Making time to write
Many of my students have to cram their writing time into tiny spaces in the day. Over the past couple of years we've brainstormed many ideas to see how they can find more time to write - over the next couple of days I'll share them with you. Here's the first batch:
1 - Know your limits - If your writing time is limited, planning how you'll spend it is crucial. Faffing around with half a dozen different ideas means you get up with nothing achieved.
2 - Organise your day - Many of us juggle writing, parenting, working and domestic responsibilities, not to mention social lives. This takes discipline and organisation, so why not make sure your writing gets the attention it deserves. Makes lists for the tasks you must complete. Decide how much writing time you can allocate daily, even if it’s only five minutes, and add it to your task list.
3 - Develop time-Savers - The less time you spend on mundane tasks like research, the more you have for actual writing. I have a standard template I use for stories, including the Dickensian title, and I follow the same four-paragraph structure whenever I write a query. I also have a list of questions I ask myself every time I send submission to a journal for the first time, and a database to record the answers. Look for ways to cut time from other tasks you do more than once.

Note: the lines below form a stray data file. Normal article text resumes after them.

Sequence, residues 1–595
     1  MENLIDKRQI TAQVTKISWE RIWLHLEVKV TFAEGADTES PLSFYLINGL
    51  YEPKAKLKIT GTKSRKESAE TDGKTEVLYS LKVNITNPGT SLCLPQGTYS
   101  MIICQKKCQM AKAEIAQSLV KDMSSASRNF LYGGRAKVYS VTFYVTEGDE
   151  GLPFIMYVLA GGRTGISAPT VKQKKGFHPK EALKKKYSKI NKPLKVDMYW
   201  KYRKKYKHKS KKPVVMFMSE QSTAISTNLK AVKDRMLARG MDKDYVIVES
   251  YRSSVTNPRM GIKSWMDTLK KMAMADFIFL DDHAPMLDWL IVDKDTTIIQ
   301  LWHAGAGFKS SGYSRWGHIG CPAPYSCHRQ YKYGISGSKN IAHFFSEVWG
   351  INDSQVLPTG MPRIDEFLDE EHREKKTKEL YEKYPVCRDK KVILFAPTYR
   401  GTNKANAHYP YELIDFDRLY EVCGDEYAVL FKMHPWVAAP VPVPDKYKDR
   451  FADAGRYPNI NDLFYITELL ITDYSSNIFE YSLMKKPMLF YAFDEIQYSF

4 - Invest your time - Some chores take time now but will pay off in the long run - like inputting data into a contact database. I'd rather spend a minute noting ideas when they strike than planning to do it later and then forgetting, inspiration doesn't follow a timetable and smart writers grab whatever their creativity produces. If I'm on hold on the phone, I'll use the time to do some background research for a story, or send follow-up emails to editors.